Queensland’s hockey princesses

Brisbane one of Down Under’s girls’ hockey weekend location


Some of the players at Ice Hockey Queensland’s World Girls’ Ice Hockey Weekend event in Brisbane.

BRISBANE, Austrlia – Ice hockey is different in Australia. People occasionally start playing the game in their forties. This is especially the case in the winterless Queensland where ice is only found at indoor rinks or in bars to cool down drinks.

Thirty young and older girls participated in the annual Queensland World Girls’ Ice Hockey Weekend at the Brisbane Acacia Ridge Ice World this weekend.

“We had seniors and juniors,” the secretary of Ice Hockey Queensland Tanya Wray said.

“America or Canada only have the young girls at these days because they have so many more people but our event was open to seniors as well.

“You don’t get senior beginners in places like the USA and Canada. It is nice that we give them the opportunity here.”

The youngest participants were Sorenne Powell and Katrina Rapchuk aged seven and the oldest were Carole Bradbury and Jane Meaney in their forties.

“It wasn’t a tournament. It was a come and try session,” Wray said.

“It was an awareness day when most hockey federations around the world have a similar function to promote hockey for women.”

The feedback from the girls was positive.

“Everybody enjoyed it,” Wray said. “They said it was great fun. It is good for them to interact with the Goannas which is the Queensland girls’ team that plays in the Australian women’s ice hockey league.”

Having members of the Goannas team participating in the day gave the “new girls” an idea of the pathway open to women’s hockey players in Queensland.

“The new players were excited and enjoyed working with the Goannas girls,” Wray said. “They are good players and some of them represent Australia in the women’s team.

“The day was a great success and people have felt that it was nice to have something just for the girls.”

The keenness of the new players impressed Jad Daley who is in charge of the Goannas team.

“There was a positive vibe about the day,” he said. “Many great comments were made like when will the next girl’s day be held and how do I join up to play the game.”

It was the fourth year that the annual IIHF event has been held at Brisbane.

“We have about a 25 percent sign up rate after the annual girl’s day,” Daley said.

“The day increases the exposure of ice hockey and improves the status of the sport in Queensland.

“It makes the male players understand and accept that girls do play hockey and want to play hockey.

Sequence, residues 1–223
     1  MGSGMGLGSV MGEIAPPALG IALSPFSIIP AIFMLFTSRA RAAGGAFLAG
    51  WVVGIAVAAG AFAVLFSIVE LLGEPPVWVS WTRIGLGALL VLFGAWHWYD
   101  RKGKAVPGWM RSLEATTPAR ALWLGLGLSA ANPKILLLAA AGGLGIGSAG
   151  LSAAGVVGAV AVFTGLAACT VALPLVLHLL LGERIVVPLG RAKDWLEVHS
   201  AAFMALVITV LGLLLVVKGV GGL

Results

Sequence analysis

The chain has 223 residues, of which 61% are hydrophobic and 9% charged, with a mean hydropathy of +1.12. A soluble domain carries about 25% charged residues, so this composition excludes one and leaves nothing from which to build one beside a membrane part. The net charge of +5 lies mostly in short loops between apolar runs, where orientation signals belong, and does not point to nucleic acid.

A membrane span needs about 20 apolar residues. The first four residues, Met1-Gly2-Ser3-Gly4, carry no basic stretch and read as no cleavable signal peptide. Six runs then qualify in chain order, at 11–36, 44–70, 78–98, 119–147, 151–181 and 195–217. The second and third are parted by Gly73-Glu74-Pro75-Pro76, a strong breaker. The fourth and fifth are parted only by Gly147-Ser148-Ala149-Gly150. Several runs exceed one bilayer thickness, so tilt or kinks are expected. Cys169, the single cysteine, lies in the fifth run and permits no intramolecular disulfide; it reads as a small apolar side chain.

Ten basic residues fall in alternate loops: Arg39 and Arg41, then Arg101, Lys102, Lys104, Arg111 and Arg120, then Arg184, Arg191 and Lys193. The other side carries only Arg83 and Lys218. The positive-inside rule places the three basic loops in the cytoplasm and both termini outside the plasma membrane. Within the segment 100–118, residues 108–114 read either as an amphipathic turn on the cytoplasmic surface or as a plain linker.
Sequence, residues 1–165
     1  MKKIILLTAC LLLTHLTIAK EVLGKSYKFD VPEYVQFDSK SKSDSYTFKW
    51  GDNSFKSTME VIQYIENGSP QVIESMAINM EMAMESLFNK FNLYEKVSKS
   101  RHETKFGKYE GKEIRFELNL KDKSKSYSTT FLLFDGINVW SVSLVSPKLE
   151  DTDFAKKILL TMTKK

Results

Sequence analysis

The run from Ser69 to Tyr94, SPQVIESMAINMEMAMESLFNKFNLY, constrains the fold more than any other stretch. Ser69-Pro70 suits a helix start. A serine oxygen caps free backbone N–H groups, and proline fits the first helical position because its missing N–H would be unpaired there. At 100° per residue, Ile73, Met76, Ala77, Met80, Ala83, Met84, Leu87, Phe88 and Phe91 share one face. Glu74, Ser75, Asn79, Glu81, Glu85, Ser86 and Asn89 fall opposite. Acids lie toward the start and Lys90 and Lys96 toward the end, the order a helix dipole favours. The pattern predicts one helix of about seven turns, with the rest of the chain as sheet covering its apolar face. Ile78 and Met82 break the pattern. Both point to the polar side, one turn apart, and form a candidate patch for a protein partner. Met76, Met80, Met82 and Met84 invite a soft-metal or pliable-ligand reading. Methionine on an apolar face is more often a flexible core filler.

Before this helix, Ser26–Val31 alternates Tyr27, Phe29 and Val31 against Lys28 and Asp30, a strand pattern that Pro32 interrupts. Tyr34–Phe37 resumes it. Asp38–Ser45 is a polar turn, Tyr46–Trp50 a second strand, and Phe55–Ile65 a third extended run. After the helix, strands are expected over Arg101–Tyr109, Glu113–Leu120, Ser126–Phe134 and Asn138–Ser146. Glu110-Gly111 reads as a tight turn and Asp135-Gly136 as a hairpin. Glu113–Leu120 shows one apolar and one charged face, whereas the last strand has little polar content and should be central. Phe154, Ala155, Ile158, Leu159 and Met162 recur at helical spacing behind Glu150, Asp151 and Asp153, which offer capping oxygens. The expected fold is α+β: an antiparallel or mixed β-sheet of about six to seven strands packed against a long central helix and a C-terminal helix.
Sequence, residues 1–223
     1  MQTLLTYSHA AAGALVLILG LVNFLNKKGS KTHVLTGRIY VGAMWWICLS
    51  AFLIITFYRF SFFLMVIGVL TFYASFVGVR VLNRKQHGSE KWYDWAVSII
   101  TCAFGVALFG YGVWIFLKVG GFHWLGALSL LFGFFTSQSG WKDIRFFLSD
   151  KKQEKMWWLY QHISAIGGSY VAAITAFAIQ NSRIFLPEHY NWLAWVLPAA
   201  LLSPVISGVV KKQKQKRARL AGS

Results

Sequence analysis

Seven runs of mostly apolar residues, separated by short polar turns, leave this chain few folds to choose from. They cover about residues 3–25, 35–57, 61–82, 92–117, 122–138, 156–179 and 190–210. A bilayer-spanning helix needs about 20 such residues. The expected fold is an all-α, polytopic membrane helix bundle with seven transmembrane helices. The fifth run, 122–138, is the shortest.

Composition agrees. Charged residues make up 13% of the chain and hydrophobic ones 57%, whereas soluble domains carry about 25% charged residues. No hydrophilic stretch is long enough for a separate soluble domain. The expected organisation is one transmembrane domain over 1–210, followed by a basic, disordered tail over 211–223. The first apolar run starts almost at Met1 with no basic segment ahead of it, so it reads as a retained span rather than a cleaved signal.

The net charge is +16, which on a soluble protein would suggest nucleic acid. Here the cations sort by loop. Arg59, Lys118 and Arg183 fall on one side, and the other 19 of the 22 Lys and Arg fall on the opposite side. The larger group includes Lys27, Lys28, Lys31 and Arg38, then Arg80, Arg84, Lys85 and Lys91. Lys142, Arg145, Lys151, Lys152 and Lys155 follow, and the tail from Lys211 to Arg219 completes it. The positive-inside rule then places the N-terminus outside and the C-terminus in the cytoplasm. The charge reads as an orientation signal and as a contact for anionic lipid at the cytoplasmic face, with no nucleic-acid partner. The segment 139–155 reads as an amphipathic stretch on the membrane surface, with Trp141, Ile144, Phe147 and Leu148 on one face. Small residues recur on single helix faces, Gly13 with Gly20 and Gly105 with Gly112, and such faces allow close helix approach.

“It's great to have the local association getting behind days like this and recognise that there are many girls and women that really enjoy playing hockey.”

The annual World Girls Day in Queensland has increased in popularity each year.

“In the first two years there weren’t so many outside players,” Wray said. “It was just the girls and their friends.

“We have already had four people who want to join up after today’s session. We always get people who want to join up or spread the word.

“We also run other Come and Try Days for boys and girls and we normally work on a 30 percent take-up rate afterwards.”

There was an international link up with this year’s event with most countries having the World Girls Day on the same weekend.

“We are able to link up with the IIHF and have information on their website and Facebook page,” Wray said. “It makes us feel that we are part of a big worldwide community instead of just having our own little event.”

The worldwide link up for the weekend emphasised that ice hockey is a sport that can be played from a young age through to seniors.

“People don’t realise that ice hockey is a sport that can be played from an early age through to seniors,” Wray said. “We have people in the senior men’s team in their late fifties who are having a great time.

“It is also a good family sport with Mum and Dad and kids playing together.”

Ice hockey is a mixed sport in Queensland at junior level.

“The girls can play with the boys in Queensland state teams to the under-15 level,” Wray said. “After that they are not allowed to play together.”

There are 550 registered ice hockey players in Queensland. This includes 60 registered women from the ages of six to 50.

“This year a club was formed in Townsville and one of their team members played in the under-18 state team,” Wray said.

Townsville is 1,300 km north of Brisbane in the tropical part of Australia. It has a population of nearly 190,000.

The standard of ice hockey is improving in Queensland and this was demonstrated when the under-13 team won the gold medal at the Australian national tournament.

“It was a significant achievement because they were competing against teams from New South Wales that has 1,500 registered players,” Wray said.

There are four ice rinks in Queensland – two in the capital Brisbane, and one each on the Gold Coast and Townsville.


Click here for the World Girls’ Ice Hockey Weekend tracker with events from all over the world.



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